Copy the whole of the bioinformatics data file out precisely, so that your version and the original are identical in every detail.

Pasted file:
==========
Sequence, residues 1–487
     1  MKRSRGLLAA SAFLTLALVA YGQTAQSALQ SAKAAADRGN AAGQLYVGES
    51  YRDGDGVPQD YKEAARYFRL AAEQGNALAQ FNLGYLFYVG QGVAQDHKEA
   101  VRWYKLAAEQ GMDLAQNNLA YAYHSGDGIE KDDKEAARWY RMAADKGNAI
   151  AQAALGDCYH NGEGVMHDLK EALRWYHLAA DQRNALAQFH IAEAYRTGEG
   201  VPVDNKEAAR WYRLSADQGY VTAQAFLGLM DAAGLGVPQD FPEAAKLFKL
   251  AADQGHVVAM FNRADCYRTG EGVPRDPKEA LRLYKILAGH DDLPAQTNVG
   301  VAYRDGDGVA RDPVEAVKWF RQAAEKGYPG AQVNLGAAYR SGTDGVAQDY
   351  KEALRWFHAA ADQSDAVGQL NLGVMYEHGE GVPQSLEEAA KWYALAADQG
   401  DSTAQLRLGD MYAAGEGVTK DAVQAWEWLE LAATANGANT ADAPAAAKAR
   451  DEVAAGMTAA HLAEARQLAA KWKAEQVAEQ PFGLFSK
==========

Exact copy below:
Sequence, residues 1–487
     1  MKRSRGLLAA SAFLTLALVA YGQTAQSALQ SAKAAADRGN AAGQLYVGES
    51  YRDGDGVPQD YKEAARYFRL AAEQGNALAQ FNLGYLFYVG QGVAQDHKEA
   101  VRWYKLAAEQ GMDLAQNNLA YAYHSGDGIE KDDKEAARWY RMAADKGNAI
   151  AQAALGDCYH NGEGVMHDLK EALRWYHLAA DQRNALAQFH IAEAYRTGEG
   201  VPVDNKEAAR WYRLSADQGY VTAQAFLGLM DAAGLGVPQD FPEAAKLFKL
   251  AADQGHVVAM FNRADCYRTG EGVPRDPKEA LRLYKILAGH DDLPAQTNVG
   301  VAYRDGDGVA RDPVEAVKWF RQAAEKGYPG AQVNLGAAYR SGTDGVAQDY
   351  KEALRWFHAA ADQSDAVGQL NLGVMYEHGE GVPQSLEEAA KWYALAADQG
   401  DSTAQLRLGD MYAAGEGVTK DAVQAWEWLE LAATANGANT ADAPAAAKAR
   451  DEVAAGMTAA HLAEARQLAA KWKAEQVAEQ PFGLFSK